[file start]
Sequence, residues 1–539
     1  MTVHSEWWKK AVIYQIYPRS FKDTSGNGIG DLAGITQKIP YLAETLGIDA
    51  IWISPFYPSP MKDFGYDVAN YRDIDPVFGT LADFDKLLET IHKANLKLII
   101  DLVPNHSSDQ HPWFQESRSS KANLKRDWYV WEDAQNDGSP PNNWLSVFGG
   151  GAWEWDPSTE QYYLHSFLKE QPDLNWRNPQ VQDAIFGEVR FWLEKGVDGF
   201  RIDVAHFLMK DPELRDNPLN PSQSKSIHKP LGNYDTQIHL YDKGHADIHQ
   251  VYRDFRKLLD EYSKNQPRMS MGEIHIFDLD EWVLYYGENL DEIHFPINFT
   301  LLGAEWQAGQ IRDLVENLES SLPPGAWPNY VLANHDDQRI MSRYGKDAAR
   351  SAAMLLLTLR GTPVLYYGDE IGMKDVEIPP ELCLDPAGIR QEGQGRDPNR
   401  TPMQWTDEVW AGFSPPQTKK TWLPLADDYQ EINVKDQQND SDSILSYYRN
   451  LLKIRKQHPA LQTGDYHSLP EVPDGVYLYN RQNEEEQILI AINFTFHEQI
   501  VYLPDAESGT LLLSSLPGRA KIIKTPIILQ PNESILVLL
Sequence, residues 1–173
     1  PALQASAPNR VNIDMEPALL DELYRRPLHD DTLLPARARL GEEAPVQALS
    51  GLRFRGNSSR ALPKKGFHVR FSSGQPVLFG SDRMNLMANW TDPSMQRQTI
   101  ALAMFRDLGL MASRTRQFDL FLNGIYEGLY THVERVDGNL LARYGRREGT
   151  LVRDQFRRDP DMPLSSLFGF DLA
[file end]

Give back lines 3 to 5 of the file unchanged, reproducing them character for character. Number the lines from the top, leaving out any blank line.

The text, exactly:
    51  IWISPFYPSP MKDFGYDVAN YRDIDPVFGT LADFDKLLET IHKANLKLII
   101  DLVPNHSSDQ HPWFQESRSS KANLKRDWYV WEDAQNDGSP PNNWLSVFGG
   151  GAWEWDPSTE QYYLHSFLKE QPDLNWRNPQ VQDAIFGEVR FWLEKGVDGF